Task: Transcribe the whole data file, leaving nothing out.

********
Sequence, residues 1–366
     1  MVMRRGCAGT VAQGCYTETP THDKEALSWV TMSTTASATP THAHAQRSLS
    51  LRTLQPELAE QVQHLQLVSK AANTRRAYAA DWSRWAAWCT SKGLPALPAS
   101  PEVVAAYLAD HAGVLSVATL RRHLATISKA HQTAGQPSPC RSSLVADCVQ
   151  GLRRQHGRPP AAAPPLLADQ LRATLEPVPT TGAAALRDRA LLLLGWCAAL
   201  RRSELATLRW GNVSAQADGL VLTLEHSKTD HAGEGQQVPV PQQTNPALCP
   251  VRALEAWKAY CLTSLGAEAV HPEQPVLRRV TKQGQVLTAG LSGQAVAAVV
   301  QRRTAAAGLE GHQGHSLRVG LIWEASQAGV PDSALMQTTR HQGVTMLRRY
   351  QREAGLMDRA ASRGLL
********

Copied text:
Sequence, residues 1–366
     1  MVMRRGCAGT VAQGCYTETP THDKEALSWV TMSTTASATP THAHAQRSLS
    51  LRTLQPELAE QVQHLQLVSK AANTRRAYAA DWSRWAAWCT SKGLPALPAS
   101  PEVVAAYLAD HAGVLSVATL RRHLATISKA HQTAGQPSPC RSSLVADCVQ
   151  GLRRQHGRPP AAAPPLLADQ LRATLEPVPT TGAAALRDRA LLLLGWCAAL
   201  RRSELATLRW GNVSAQADGL VLTLEHSKTD HAGEGQQVPV PQQTNPALCP
   251  VRALEAWKAY CLTSLGAEAV HPEQPVLRRV TKQGQVLTAG LSGQAVAAVV
   301  QRRTAAAGLE GHQGHSLRVG LIWEASQAGV PDSALMQTTR HQGVTMLRRY
   351  QREAGLMDRA ASRGLL